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Old 17th April 2003, 09:06 AM   #1
Rarkov is offline Rarkov  England
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Question IDEA: Measuring FR of a driver with room acoustics?

Hi,
My lecturer visited my workplace yesterday (I'm doing a Sandwich year). He informed me that I would need a final year project idea ASAP. I had an idea about measuring frequency response using a laser pointed at the center of the dust cap. If the laser is at a known angle to the axis of the driver, as it moves back and forth, the laser point will move with Simple Harmonic Motion, across the center of the driver.

This could be used to find two things. If you know the Peak to Peak Excursion of the driver, you can work out the Limits of the laser point's movement. (For instance, if the angle from the axis of the driver to the laser is 30 degrees, and the peak to peak excursion of the driver was 20mm, the laser point would move 5.77mm either side of the central point). The other way of using this system would be if you do not know the Excursion. By measuring the displacement of the laser point, you could find the Excursion.

Now, what I want to know from you lot is: Will this work in practice? And more importantly, if the driver is in a known sealed box volume, can the driver excursion be used to calculate the FR?

In my mind, this system would totally ignore the effects of room response and diffraction etc etc. It would be there solely to measure the FR of a driver, not of a system. Incorperated with a system of measuring speaker impedance, it would be a very useful system!

Please tell me what you think!

Thanks,
Gaz
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Old 17th April 2003, 09:25 AM   #2
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The usual (and very accurate) method of measuring distance by the use of a laser is an interferometer. I.e. a device that allows "counting" of wavelengths.

To answer your questions:

Could it be used measure excursion: Yes

Could it be used to measure FR: restricted to the range where the driver acts as a solid piston.

Regards

Charles
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Old 17th April 2003, 09:43 AM   #3
Rarkov is offline Rarkov  England
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Quote:
Originally posted by phase_accurate
Could it be used to measure FR: restricted to the range where the driver acts as a solid piston.
Which is what range in a sealed enclosure? I take it, that it is largly driver dependant?

Thanks,
Gaz
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Old 17th April 2003, 09:50 AM   #4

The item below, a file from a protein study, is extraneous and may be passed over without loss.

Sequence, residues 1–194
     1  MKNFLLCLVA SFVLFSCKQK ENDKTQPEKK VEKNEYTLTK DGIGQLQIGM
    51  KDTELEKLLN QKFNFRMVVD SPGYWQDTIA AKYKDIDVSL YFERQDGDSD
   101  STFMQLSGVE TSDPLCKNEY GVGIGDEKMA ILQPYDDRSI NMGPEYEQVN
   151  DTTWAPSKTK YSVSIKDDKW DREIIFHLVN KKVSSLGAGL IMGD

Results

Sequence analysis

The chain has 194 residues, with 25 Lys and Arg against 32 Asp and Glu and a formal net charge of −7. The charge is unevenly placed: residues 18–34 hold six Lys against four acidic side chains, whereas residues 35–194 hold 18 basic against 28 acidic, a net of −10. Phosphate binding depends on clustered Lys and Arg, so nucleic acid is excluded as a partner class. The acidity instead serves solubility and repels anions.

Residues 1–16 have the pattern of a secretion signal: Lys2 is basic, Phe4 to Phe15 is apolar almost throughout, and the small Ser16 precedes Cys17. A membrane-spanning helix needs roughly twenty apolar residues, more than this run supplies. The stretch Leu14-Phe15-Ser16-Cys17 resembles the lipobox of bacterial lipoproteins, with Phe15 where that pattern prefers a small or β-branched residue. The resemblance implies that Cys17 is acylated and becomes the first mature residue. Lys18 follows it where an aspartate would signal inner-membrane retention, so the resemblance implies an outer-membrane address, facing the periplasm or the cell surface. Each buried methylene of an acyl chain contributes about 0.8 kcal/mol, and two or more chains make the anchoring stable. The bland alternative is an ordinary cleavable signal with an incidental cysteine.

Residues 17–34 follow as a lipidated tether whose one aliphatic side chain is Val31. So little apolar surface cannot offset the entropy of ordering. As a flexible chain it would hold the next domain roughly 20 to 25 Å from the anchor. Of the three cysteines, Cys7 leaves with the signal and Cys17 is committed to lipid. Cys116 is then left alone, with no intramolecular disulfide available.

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Yes it is driver dependant.
As a rule of thumb: A driver acts as a solid (whatever this is) piston up to the frequency where the driver circumference equals the wavelength of the input signal.

A suggestion: Why don't you develop something that allows the measurement of panel vibrations ?

Regards

Charles
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Old 17th April 2003, 10:00 AM   #5
Rarkov is offline Rarkov  England
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Quote:
Originally posted by phase_accurate
A suggestion: Why don't you develop something that allows the measurement of panel vibrations ?
Hi,

Can you ellaborate? Do you mean ESL panels or large baffle panels? I had thought about placing a lightweight device on a cone, but even this would effect sensetivity amongst many other T/S params. Measuring panel vibrations is a great idea, but what about "dead" boxes?!

Thanks,
Gaz
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Old 17th April 2003, 10:07 AM   #6
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How do you know how dead your box is without measuring ?

Regards

Charles
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Old 17th April 2003, 10:59 AM   #7
Rarkov is offline Rarkov  England
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That just puts us into a vicsous circle!
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Old 17th April 2003, 01:36 PM   #8
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You can do this using interferometry, but why? Near-field mike measurements work extremely well and are a snap to do. I'd go with the idea of panel measurements- no box is completely dead, and this can give you a quantitative measure of the deadness.

If you want to be rigorous, you can set the measurement up using a pair of interferometers with different pathlengths. That way, by comparing phase of the measurements, you can distinguish "out" motion from "in" motion, not unlike the system used in mice and trackballs.
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Old 17th April 2003, 03:22 PM   #9
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So, to measure panel vibrations I would want a "not too" sensetive acellerometer (or whatever they are called that measure ground movments) and a computer programme. If I can get hold of one of these things, I'll try it out to check out the theory...Unless anyone has (or could) try it already?!

Thanks,
Gaz
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Old 17th April 2003, 03:27 PM   #10
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I know that some manufacturers are using laser interferometry to make cone breakup etc visible, so it is nothing new at all.

But a lowcost version would be quite cool IMO.

Some secret services use such toys for eavesdropping by measuring the sound-induced movements of glass windows.

Regards

Charles
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